On the morning of April 19, 1989, five Black and Latino teens were arrested when the body of a White female, later identified as Trisha Melli, was found unconscious, beaten and raped in Central Park. Three youth were initially arrested: Salaam, 15, Santana, 14, and McCray, 15, interrogated and held at the Central Park Precinct for the night, without their parents or attorney. The two others Richardson, 14, and Wise, 16, were also later arrested, interrogated and coerced by the police officers into confessions. All of them were convicted with sentences which ranged from six and a half years for the juveniles for rape and robbery, to eleven and a half years for Wise, eldest at 16, who was convicted as an adult for sexual assault, first-degree assault, first-degree riot and sent to Riker’s Island to fulfill his sentence.
In 2002, the Manhattan district attorney Robert Morganthau, successfully had the convictions overturned after the confession from Matias Reyes, whose spree of rape continued during their trail. However, twenty-five years later their wrongful conviction has not been settled by the state of New York. Last year, Mayor De Blasio made a campaign promise for a swift settlement for the Central Park Five of their wrongful arrest and imprisonment.
Despite this, the exoneration has not changed the culture of law enforcement. Black men and boys were targeted in the late 1980’s with the creation of the NYPD Street Crime Unit, which allowed the city’s illegal stop and frisk policy targeting Black and Latino males, with the trajectory towards a generation of incarcerated Black youth. If one were to review cases from the late 1980s of other Black youths convicted, how many of them were wrongfully sent to prison?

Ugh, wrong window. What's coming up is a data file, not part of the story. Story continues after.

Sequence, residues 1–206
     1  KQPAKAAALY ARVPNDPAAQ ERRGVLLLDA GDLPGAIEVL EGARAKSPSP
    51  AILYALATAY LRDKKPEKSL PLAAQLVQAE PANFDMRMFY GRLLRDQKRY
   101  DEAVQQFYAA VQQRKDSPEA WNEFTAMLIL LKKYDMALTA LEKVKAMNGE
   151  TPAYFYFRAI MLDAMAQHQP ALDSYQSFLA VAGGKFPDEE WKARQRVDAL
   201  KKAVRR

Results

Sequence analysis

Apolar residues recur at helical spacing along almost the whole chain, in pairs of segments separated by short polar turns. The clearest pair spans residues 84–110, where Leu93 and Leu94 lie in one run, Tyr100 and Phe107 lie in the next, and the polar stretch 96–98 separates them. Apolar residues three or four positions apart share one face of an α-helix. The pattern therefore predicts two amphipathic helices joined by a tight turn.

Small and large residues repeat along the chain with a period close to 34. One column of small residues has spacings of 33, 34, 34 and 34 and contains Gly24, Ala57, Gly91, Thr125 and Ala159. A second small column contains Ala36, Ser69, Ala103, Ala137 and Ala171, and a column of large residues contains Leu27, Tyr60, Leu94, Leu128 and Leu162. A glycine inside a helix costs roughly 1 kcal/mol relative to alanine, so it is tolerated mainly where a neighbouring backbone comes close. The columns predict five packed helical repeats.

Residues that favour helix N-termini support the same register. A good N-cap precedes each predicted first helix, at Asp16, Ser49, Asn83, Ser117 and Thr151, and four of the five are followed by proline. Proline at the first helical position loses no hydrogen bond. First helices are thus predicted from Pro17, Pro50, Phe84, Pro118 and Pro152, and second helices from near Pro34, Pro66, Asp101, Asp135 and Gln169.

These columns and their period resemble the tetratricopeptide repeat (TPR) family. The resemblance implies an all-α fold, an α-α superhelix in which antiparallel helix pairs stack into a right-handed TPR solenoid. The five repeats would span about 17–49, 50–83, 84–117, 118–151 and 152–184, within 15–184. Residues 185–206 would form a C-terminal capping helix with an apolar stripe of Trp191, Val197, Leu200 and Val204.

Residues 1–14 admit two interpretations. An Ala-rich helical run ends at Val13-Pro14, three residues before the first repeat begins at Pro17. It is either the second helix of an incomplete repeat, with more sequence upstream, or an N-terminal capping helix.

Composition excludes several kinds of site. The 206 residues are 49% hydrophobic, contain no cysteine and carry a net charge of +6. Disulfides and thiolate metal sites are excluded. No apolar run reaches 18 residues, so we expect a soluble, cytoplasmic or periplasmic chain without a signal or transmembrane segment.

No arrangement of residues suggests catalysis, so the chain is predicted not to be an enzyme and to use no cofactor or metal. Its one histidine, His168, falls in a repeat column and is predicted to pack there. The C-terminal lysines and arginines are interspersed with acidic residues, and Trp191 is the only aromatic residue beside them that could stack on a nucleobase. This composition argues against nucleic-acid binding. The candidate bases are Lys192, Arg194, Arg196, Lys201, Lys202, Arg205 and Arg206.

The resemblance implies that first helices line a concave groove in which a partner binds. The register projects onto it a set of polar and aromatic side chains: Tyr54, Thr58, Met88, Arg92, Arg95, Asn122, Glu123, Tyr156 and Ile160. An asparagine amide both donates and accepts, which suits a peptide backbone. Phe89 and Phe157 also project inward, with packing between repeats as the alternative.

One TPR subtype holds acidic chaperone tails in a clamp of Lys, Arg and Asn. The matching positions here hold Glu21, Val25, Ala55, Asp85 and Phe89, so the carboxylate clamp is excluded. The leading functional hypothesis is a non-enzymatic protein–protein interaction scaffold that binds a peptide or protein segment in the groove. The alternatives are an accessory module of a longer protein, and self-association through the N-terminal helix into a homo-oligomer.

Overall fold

The film, “The Central Park Five” directed by Ken Burns, his daughter Sarah Burns and David McMahon, rips at your gut. The powerful film has brought national and international attention to those Black youths wrongfully incarcerated. However, the well-known directors of the documentary have not wielded enough influence for the city to reach a settlement in the wrongful conviction.
Social Psychologist Saul Kassin, is quoted in the film, “the goal there is to break the suspect down into a state of despair, into a state of helplessness. So that the suspect gets worn down, and is looking for a way out.” After the youth’s night of interrogation, all broke down and wrote that they witnessed and partook in a crime that they were not involved with. In the documentary, at the end of the trail, the police department did an internal investigation and Jim Dwyer of the N.Y.Times reported that they “found the police department did nothing wrong.” However, the police officers, who interrogated the boys, changed their lives for the worse, forever. As Kevin Richardson’s sister, of one of the convicted youth, states in the film, “all of us are victims.” The arrest and conviction of the boys created a vicious cycle of fear that enveloped their family, mothers, fathers, sisters, brothers, uncles, aunts, friends and their community, against law enforcement.
There are many, who are working to help those incarcerated. One is a teacher I had at Norwalk Community College for Creative Writing, Regina Krummel, who worked at the Bedford Women’s Maximum Security Prison. In class we discussed poems written by these incarcerated women, which, in 2012 Regina compiled in a self-published book, “The Gates Clang Shut,” and was fired from the prison for publishing.
With the exception of Wise, The Central Park Five youth were allowed to further their education, this is no longer an option. As Richardson states on camera, education in prison now is not possible. Has our society turned their backs on helping Black youth, men, and women in prison? Are prisons solely money making institutions? Not educating incarcerated Black youth leads to an uneducated generation. We need to invest in the education of these incarcerated Black youth.
By Virginia Lynch Dean
M.S. Candidate in Media and Culture at the New School